Love smoking? It may be harder to give up alcohol addiction: Study

“Alcohol and tobacco are among the top causes of preventable deaths in the United States… People who are dependent on alcohol are three times more likely than those in the general population to be smokers, and people who are dependent on tobacco are four times more likely than the general population to be dependent on alcohol,” writes the National Institute on Alcohol Abuse and Alcoholism (NIAAA). While seeking treatment for one, it becomes imperative to simultaneously treat the other problem for long-lasting positive effects.

A team of researchers at Yale University has established that those undergoing treatment for alcohol abuse will find it difficult to give up drinking if they continue smoking during recovery periods. It has been observed that alcohol lovers emphasize that smoking helps them recover faster from alcohol addiction. The Yale research falsifies this claim by providing evidence to the contrary. The research team studied two groups of volunteers: the first group comprised 27 male and female alcoholics, and the other group consisted of 25 men and women not addicted to alcohol. Approximately, three-fifth participants in both groups were smokers.

As part of the analysis, all participants underwent brain scans to measure the levels of gamma-aminobutyric acid A (GABAA) receptors that are responsible to control an individual’s responses to stressful situations. The results of the paper published in the Proceedings of the National Academy of Sciences in 2014 revealed a strong connection between the levels of GABAA in those who continued to smoke during the recovery period as nicotine stimulates chemical production in the brain.

Smoking during alcohol recovery period heightens risk of relapse

The researchers analyzed data from the brain scans over a four-week period. As the treatment progressed and the participants reduced consumption of alcohol, there was an increase in the levels of GABAA among both smokers and non-smokers. It was established that:

  • Smokers and non-smokers reported a lower desire to consume alcohol.
  • In the case of non-smokers, the chemical levels returned to normal (when compared with the second group of participants). In the case of smokers, the chemical levels did not show much change from the initial levels.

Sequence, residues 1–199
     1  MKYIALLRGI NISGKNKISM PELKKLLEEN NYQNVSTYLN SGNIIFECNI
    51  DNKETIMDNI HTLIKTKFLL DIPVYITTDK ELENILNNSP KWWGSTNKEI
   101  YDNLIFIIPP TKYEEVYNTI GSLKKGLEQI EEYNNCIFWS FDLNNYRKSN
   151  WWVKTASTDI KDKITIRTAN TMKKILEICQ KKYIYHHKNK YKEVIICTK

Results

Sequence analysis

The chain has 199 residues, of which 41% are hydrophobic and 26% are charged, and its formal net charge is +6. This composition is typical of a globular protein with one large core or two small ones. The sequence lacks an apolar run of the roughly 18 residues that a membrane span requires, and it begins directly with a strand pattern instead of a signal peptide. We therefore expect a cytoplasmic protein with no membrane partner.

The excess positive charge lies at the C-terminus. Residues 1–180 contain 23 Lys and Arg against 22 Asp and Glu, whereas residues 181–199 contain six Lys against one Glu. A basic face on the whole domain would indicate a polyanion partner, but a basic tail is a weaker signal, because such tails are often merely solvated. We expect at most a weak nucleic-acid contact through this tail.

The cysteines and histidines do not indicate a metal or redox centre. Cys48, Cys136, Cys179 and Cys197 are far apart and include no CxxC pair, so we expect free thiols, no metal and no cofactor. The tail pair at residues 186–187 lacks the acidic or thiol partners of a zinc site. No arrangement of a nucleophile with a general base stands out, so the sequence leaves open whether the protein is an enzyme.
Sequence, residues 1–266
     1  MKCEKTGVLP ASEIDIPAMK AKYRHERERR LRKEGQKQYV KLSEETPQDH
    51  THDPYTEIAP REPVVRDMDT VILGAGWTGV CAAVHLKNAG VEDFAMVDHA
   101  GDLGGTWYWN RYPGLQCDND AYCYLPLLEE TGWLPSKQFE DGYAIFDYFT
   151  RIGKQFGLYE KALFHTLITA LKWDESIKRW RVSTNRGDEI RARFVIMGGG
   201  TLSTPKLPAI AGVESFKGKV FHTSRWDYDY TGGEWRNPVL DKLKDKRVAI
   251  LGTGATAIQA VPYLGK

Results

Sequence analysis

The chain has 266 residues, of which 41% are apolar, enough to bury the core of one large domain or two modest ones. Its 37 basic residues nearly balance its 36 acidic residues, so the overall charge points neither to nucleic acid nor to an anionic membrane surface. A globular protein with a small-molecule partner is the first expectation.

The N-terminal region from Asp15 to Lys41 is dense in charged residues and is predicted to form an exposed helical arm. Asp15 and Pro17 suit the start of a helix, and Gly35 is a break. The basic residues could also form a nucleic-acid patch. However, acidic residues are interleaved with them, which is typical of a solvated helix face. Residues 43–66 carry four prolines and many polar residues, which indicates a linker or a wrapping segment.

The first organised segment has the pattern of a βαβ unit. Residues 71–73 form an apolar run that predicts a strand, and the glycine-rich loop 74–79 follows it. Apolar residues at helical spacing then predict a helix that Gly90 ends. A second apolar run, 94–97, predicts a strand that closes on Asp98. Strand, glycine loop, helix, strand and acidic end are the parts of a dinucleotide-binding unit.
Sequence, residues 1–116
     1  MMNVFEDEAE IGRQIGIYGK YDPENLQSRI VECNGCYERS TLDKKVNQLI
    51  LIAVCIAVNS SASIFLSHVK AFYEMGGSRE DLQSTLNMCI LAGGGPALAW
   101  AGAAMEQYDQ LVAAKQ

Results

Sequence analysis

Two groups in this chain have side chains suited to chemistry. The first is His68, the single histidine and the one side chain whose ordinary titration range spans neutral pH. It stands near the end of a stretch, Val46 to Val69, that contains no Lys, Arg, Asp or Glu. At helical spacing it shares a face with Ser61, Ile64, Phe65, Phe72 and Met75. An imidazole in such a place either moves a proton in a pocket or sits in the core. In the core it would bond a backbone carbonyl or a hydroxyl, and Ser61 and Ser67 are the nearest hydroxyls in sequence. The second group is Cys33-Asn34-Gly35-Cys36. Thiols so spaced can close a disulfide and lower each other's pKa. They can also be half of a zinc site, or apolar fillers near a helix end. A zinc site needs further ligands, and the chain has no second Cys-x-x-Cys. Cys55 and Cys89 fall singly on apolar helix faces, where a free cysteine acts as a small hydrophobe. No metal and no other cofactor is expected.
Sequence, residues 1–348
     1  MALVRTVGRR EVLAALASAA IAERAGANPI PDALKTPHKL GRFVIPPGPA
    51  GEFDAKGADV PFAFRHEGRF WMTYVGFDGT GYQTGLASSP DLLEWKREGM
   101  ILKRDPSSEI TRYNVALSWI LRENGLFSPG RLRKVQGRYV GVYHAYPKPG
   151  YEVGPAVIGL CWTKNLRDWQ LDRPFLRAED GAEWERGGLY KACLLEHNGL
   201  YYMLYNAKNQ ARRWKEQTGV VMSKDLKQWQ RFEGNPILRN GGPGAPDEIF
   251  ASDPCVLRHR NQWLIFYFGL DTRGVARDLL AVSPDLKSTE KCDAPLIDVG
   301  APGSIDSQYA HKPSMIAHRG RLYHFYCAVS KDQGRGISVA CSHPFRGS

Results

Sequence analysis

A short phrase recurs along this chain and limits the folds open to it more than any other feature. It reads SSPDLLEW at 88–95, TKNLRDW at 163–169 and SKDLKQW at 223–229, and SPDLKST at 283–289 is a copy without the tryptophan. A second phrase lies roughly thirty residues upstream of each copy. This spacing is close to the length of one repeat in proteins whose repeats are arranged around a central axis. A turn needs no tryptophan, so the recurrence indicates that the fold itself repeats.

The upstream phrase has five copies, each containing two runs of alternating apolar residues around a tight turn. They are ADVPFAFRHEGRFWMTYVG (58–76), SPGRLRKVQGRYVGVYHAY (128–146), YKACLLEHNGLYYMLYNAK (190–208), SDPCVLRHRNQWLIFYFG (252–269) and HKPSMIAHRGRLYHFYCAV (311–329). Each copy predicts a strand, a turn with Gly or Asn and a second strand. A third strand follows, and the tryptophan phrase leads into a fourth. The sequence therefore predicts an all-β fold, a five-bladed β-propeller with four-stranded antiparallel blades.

• Although there was a reduction in the craving for alcohol during treatment, smokers expressed almost double the desire to drink than participants who did not smoke.

An additional analysis was done on monkeys to determine how smoking impacts alcoholism. It was established that nicotine was not responsible for making it difficult to quit alcohol. It could be because a cigarette contains numerous chemicals besides nicotine, and the exact chemical causing change in how the neurotransmitter behaved has not yet been identified. Nonetheless, smoking while abstaining from alcohol increases relapse risk.

Smoking impedes recovery from alcohol-induced brain damage

In a previous study conducted in 2009, evidence was found that smoking makes it more difficult for brain function to fully recover from prolonged drinking activity. Alcohol addiction negatively impacts those parts of the brain which regulate aspects such as the ability to learn, short-term memory, emotional control and attention spans. By systematically and continuously abstaining from alcohol, it is possible to undo this damage to an extent but continuous smoking can hamper the brain’s response to treatment.

During the study, researchers used magnetic resonance imaging (MRI) to assess the impact of smoking on brain recovery during abstinence from alcohol. In the initial week, no change was observed. After five weeks, it was established that individuals who continued smoking during treatment for alcohol addiction showed limited recovery of their brain functions. In the case of non-smokers, brain functions returned to normal levels at the end of the five-week period.

Results of past research on this subject have varied, but it has been proved beyond doubt that simultaneous consumption of alcohol and cigarettes has a debilitating effect on brain function and recovery. Besides smoking, other factors impacting recovery from alcohol addiction include age, food habits, physical activity and genes.

Road to sobriety

Addiction, if left untreated, can lead to devastating results. If you or someone you know is suffering from alcohol or any other substance abuse, you can seek help from the Alcohol Addiction Get Help Helpline representatives to know about alcohol addiction treatment centers that give personalized care and support to help a patient recover completely. You can call at our 24/7 helpline number 866-281-3014 or chat online with our representatives who can share details about the best alcohol addiction treatment centers in U.S.A.